Interview: Liam Esler

“I had the experience of writing Hexxat for Baldur’s Gate II [Enhanced Edition], which was a lesbian romance. Clearly, as I’m not a lesbian myself, or a woman, that was a really interesting experience.”


So, as a writer for games, have you ever tried to write some of your own experiences into games before?


Not specifically but you can’t help it, bits of your own experiences, challenges and triumphs will always make their way into whatever you do. If you play anything I’ve written, there are definitely big vulnerable bits of me stashed away in there somewhere, like Rasaad in Baldur’s Gate II is the awkward, vulnerable, endearing part of me that I like about myself. So, I thought, “Well, I like that about myself, and I like that in other people, so it’d be attractive to women,” because it was for a straight romance. That was really fun to write! I wrote him as the robot who’s learning to love, that’s a trope, like “I don’t know how to human,” it’s really endearing.

But then you have Hexxat who’s a black, lesbian vampire, and it’s a bit of a power struggle – with her it’s all about trust, and I dealt with some of my trust issues through that. Then Dorn was all about power, and sex is power, and Dorn’s bi and that’s awesome and his romance isn’t… yeah if you get a chance to play it at some point you should. It gets a little rapey at times, which I feel bad about, but it wouldn’t make sense for the character not to be a little bit forceful. I wish I’d had more time to spend on it and refine it a little bit more, but his romance is very much about power and he’s trying to get some of your power. There is totally a sexual element to that, and part of that comes from me and exploring power dynamics, which is something that I never had a chance to do, so I got to play it out as a character. So yeah, I think that whatever you write there’s totally bits of you in there.

Speaking personally, sex can be a bit of a weird topic for me – it’s not something I really discuss openly–


None of us do, it’s always weird!

Do you think maybe that general uncomfortableness with sex is why people find gay or trans people to be so confronting in the gaming community?


I definitely think that there’s an element of sex is uncomfortable no matter what it is, and so we don’t talk about it.” Particularly for guys who are bi, it’s an uncomfortable thing to talk about. It’s very emotional, and I think there’s a very vulnerable part of being in a relationship with a dude as a bi guy. It’s not the norm, the norm is sleeping with girls, which is kind of easy in comparison, but then when you have sex with a guy it’s a very different experience because it’s outside of the norm, it’s outside of what you’re expected to do. So, you kind of put your trust in their hands in a way you don’t when you’re in a relationship with a girl, or when you’re having sex with a girl. Then there’s all those problematic notions of masculinity, and does having sex with a guy make you less masculine? Especially, if you’re a bottom, or if you’re the submissive person in that encounter, that can be quite confronting and really hard to talk about because that’s definitely something that most straight guys won’t understand.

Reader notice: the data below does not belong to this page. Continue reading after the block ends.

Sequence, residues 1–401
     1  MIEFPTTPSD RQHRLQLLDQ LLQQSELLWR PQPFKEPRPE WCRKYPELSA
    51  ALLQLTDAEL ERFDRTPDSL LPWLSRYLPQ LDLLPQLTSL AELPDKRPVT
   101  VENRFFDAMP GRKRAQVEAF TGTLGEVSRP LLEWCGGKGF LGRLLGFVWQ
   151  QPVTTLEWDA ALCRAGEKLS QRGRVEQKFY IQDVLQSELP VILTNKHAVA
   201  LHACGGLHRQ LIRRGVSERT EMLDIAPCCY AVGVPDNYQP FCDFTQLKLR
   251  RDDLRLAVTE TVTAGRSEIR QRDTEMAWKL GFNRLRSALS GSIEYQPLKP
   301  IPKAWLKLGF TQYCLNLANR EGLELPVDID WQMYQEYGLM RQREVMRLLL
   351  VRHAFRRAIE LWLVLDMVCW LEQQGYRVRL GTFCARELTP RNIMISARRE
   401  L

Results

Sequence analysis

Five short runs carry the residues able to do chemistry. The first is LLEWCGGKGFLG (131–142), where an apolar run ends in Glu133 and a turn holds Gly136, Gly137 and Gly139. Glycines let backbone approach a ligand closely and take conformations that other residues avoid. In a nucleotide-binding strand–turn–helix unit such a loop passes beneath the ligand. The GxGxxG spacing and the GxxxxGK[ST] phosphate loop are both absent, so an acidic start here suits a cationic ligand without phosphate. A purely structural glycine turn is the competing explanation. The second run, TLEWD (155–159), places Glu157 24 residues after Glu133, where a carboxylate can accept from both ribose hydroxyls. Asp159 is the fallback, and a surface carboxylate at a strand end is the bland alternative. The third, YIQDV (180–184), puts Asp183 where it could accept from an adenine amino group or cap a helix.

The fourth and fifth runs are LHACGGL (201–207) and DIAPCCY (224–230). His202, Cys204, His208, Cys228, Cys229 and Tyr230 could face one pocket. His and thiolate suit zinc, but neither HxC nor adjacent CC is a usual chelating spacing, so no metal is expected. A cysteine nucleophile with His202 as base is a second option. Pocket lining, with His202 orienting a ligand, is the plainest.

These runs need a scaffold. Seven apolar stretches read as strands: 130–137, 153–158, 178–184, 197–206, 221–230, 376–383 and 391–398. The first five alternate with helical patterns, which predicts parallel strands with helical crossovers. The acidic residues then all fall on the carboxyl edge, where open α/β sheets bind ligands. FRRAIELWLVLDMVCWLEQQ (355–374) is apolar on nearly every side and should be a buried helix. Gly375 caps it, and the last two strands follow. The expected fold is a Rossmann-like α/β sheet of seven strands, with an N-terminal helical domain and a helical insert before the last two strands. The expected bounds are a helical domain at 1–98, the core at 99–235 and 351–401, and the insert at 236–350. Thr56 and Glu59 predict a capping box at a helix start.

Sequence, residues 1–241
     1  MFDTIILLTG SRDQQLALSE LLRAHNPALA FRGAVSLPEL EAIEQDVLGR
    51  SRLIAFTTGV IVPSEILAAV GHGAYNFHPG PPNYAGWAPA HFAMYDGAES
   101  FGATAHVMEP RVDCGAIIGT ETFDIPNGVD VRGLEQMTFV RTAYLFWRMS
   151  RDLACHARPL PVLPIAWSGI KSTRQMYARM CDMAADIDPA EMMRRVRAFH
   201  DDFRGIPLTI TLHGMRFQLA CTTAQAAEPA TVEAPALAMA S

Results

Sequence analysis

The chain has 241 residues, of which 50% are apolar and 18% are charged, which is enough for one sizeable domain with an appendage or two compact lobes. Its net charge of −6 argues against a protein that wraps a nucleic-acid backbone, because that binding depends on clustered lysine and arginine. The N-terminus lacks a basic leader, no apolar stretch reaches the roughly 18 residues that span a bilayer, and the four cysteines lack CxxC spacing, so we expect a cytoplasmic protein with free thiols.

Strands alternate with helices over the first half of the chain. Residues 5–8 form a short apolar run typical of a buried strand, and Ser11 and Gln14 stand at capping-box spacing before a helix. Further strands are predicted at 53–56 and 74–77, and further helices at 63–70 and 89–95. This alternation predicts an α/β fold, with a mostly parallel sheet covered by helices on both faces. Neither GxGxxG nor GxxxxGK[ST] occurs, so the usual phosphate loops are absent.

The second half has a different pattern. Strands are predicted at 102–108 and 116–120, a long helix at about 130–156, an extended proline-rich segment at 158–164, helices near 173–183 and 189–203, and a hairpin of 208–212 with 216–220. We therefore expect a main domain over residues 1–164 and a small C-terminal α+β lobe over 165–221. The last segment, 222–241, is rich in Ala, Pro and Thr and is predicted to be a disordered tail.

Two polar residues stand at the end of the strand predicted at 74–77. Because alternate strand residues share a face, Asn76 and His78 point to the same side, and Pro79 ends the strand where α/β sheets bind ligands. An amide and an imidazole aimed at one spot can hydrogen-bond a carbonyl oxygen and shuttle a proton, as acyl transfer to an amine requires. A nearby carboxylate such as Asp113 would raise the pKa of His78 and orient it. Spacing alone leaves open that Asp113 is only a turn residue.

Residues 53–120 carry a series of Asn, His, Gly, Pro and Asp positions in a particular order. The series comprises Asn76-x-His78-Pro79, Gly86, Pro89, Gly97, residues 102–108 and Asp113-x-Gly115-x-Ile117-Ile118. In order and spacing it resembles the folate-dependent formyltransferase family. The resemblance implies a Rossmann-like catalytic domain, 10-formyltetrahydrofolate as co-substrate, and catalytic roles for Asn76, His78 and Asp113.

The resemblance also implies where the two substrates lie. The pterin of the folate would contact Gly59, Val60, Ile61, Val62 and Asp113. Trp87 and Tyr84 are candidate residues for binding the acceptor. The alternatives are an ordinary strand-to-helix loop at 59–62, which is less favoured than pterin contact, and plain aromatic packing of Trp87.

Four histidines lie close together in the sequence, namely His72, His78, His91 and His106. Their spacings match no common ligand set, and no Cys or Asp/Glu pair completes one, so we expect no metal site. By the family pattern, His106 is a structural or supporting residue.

Trans, I think, is a separate issue, like we’re so used to the gender binary, we grow up, and there’s boy and girl. Then have something that challenges that and it becomes incredibly difficult. We don’t know what do do with it, we don’t know how to process that, and it makes me really happy that we’re starting to see more Trans representation in games because it means that kids will get exposure to Trans people early on, and it’ll be normalised. And I’d like to see more non-binary characters, characters that are on the gender spectrum and not just a flat “boy-girl” dynamic. I think that’ll help avoid those kinds of problems later.

Do you think that a part of it as well is men having emotions is something that… I wouldn’t say frowned upon by society, but something that’s really awkward to deal with? Like, “Men having emotions? Ah! That’s a bit weird!” It also sort of shows through in gaming, especially in a lot of RPG’s where, as it was said during the panel, it often gets boiled down to “Press X to love!” And the love itself never really gets explored.


Yes, I think that it’s definitely a problem, I think there is this idea that as a guy you should be stoic, you should be… Not heartless, you should have a heart, but don’t show it. Only show it when nobody’s watching, and that’s terrible. I do think that gay guys tend to be more in touch with their emotions and more in touch with being emotional, and that can be quite confronting for straight guys who haven’t grown up with the idea that they should express their emotions, or that it’s okay to feel.
Interview: Liam Esler